Facts ¶ 6.
Morgan describes an unpleasant workplace due to rude
treatment by Ms. Stoffregen. According to Ms. Morgan,
“most of her discussions with me were very sharp in
tone, she would never let me finish a statement, she talked
over me, she would point at me, she would talk very loudly to
me, she would point at the table as she spoke with me, and
that was far different than when other senior managers spoke
with her.” Morgan Dep. at 38:12-18, ECF No. 11-1.
See also Morgan Dep. 43:20-21 (describing Ms.
Stoffregen as “extremely belligerent and nasty with
me”); Morgan Decl. ¶ 29 (describing an incident in
which Ms. Stoffregen “continued to scream at me and
call me a liar”). Ms. Morgan also claims that Ms.
Stoffregen at times publicly ridiculed her for perceived work
failures, and once scheduled a meeting but then did not
attend. Morgan Decl. ¶¶ 16, 23. Ms. Morgan asserts
that this behavior was a form of discrimination based on
race. Compl. ¶ 13. Ms. Morgan does not assert that she
experienced any “racially insensitive comments,
language, jokes, or slurs.” Def.'s Mat. Facts
Ms. Morgan's Responsibilities
both parties agree that Ms. Morgan was hired to manage the
Transit Works Grant, they differ significantly on the precise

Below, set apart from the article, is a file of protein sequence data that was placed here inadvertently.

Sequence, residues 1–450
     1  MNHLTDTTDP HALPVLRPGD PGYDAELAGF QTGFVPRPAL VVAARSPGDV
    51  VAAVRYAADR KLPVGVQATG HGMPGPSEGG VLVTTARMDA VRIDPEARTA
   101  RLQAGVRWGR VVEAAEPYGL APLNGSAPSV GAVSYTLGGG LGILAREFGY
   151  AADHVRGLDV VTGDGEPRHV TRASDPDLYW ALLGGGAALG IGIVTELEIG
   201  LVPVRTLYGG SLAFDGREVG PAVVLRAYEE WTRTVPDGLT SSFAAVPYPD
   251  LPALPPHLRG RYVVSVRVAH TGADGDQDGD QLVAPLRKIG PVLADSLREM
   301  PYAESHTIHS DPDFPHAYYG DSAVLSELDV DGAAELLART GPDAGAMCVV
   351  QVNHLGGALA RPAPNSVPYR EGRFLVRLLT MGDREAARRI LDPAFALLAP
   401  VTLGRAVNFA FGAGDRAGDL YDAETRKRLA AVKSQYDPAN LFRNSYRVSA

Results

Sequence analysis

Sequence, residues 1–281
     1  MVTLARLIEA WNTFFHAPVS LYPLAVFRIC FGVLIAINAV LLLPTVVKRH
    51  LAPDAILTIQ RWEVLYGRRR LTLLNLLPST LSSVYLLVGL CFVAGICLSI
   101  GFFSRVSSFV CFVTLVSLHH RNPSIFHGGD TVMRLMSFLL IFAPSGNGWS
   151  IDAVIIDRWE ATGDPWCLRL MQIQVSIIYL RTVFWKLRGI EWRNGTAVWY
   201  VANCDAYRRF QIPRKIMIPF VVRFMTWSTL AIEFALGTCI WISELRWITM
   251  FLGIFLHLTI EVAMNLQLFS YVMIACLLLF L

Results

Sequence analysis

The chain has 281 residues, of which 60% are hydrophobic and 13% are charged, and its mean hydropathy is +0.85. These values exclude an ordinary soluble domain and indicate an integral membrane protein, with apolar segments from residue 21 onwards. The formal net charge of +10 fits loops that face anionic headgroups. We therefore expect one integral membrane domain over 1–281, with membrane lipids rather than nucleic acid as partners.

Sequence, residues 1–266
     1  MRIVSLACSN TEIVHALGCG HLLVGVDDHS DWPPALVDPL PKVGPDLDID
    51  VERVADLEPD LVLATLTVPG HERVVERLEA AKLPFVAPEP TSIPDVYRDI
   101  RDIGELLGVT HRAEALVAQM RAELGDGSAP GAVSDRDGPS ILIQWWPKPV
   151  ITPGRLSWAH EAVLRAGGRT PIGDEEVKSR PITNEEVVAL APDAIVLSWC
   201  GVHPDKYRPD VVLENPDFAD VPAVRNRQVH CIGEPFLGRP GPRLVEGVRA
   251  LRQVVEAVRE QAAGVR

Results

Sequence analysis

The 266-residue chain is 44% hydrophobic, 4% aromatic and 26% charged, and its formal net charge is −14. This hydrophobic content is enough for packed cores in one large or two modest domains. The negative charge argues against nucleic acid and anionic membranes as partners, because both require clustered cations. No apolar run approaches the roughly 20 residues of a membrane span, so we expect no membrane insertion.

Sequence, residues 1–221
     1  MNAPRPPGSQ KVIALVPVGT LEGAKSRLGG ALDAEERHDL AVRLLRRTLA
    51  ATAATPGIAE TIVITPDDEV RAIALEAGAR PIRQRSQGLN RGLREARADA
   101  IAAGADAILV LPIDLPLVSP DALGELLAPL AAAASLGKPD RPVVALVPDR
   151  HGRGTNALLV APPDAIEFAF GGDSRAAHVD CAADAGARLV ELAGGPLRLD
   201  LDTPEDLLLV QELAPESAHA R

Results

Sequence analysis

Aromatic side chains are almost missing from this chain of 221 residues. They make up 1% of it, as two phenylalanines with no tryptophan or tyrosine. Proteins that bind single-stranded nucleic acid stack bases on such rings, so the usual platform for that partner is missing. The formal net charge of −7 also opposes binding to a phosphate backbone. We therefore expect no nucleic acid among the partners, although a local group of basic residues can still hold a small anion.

contours of that position. In particular, WMATA characterizes
Ms. Morgan's role as one with a great deal of
responsibility and autonomy, while Ms. Morgan emphasizes that
Ms. Stoffregen held ultimate authority, and, in fact,
reversed several of her decisions.
Transit Works Grant provided $795, 000 for WMATA to use
in training high school students and veterans for careers in
transit. Def.'s Mat. Facts ¶ 7. Two high schools and
one veterans organization, the VETS Group,  participated.
Def.'s Mat. Facts ¶ 8. One of Ms. Morgan's key
tasks was completing the Memoranda of Understanding (MOUs)
with each partner organization. Def.'s Mat. Facts ¶
9. The MOUs describe the relationship between WMATA and its
partners, including the budget, schedule, and various
responsibilities of the organizations. VETS Group MOU, ECF
No. 11-10. WMATA spent money directly under the grant,
including hiring instructors and at least a portion of Ms.
Morgan's salary. See, e.g., Transit Works
Program Budget, ECF No. 8-3, Ex. 5 (showing that WMATA would
seek reimbursement under the grant for a total of $214, 400
in technical instructors' salary and $100, 000 of the
project manager's salary); Transit Work Grant Budget, ECF
No. 8-3, Ex. 6 (same); Compl. ¶ 7 (stating that Ms.
Morgan's salary as a project manager was $125, 000). Each
of the partner groups also made expenditures under the grant,
such as providing transit stipends and time-in-class stipends
to participants. See, e.g., Transit Works Program
Budget, ECF No. 8-3, Ex. 5; Transit Work Grant Budget, ECF
No. 8-3, Ex. 6. The partner groups paid these expenses
out-of-pocket, and then submitted invoices to WMATA for
reimbursement. See Email from Joe Wynn to Linda
Stoffregen (Dec. 12, 2013), ECF No. 8-3, Ex. 11. WMATA was to
reimburse the partner organizations after it had validated